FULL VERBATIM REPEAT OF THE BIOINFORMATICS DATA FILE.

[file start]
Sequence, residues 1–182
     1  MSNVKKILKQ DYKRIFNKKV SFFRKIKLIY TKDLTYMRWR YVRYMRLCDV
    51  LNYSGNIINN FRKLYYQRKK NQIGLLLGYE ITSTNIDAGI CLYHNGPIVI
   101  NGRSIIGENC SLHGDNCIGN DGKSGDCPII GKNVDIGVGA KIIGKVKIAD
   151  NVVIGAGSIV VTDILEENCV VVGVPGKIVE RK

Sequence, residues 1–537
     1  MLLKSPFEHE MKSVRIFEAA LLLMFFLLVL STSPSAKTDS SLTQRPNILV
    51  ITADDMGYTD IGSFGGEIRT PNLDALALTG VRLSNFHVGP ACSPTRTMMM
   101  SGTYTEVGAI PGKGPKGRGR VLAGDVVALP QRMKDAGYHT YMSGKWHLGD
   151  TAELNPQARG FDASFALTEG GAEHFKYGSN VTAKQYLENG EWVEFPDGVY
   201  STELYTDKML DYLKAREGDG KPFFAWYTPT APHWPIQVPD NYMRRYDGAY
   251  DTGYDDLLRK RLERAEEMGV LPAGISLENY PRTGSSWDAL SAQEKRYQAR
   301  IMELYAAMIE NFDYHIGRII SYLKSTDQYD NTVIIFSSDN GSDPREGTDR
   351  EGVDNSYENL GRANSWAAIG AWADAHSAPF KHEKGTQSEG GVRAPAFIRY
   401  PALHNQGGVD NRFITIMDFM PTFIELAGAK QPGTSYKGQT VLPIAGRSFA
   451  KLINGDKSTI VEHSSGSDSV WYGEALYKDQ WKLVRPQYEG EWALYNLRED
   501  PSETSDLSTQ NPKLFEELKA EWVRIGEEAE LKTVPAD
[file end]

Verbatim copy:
Sequence, residues 1–182
     1  MSNVKKILKQ DYKRIFNKKV SFFRKIKLIY TKDLTYMRWR YVRYMRLCDV
    51  LNYSGNIINN FRKLYYQRKK NQIGLLLGYE ITSTNIDAGI CLYHNGPIVI
   101  NGRSIIGENC SLHGDNCIGN DGKSGDCPII GKNVDIGVGA KIIGKVKIAD
   151  NVVIGAGSIV VTDILEENCV VVGVPGKIVE RK

Sequence, residues 1–537
     1  MLLKSPFEHE MKSVRIFEAA LLLMFFLLVL STSPSAKTDS SLTQRPNILV
    51  ITADDMGYTD IGSFGGEIRT PNLDALALTG VRLSNFHVGP ACSPTRTMMM
   101  SGTYTEVGAI PGKGPKGRGR VLAGDVVALP QRMKDAGYHT YMSGKWHLGD
   151  TAELNPQARG FDASFALTEG GAEHFKYGSN VTAKQYLENG EWVEFPDGVY
   201  STELYTDKML DYLKAREGDG KPFFAWYTPT APHWPIQVPD NYMRRYDGAY
   251  DTGYDDLLRK RLERAEEMGV LPAGISLENY PRTGSSWDAL SAQEKRYQAR
   301  IMELYAAMIE NFDYHIGRII SYLKSTDQYD NTVIIFSSDN GSDPREGTDR
   351  EGVDNSYENL GRANSWAAIG AWADAHSAPF KHEKGTQSEG GVRAPAFIRY
   401  PALHNQGGVD NRFITIMDFM PTFIELAGAK QPGTSYKGQT VLPIAGRSFA
   451  KLINGDKSTI VEHSSGSDSV WYGEALYKDQ WKLVRPQYEG EWALYNLRED
   501  PSETSDLSTQ NPKLFEELKA EWVRIGEEAE LKTVPAD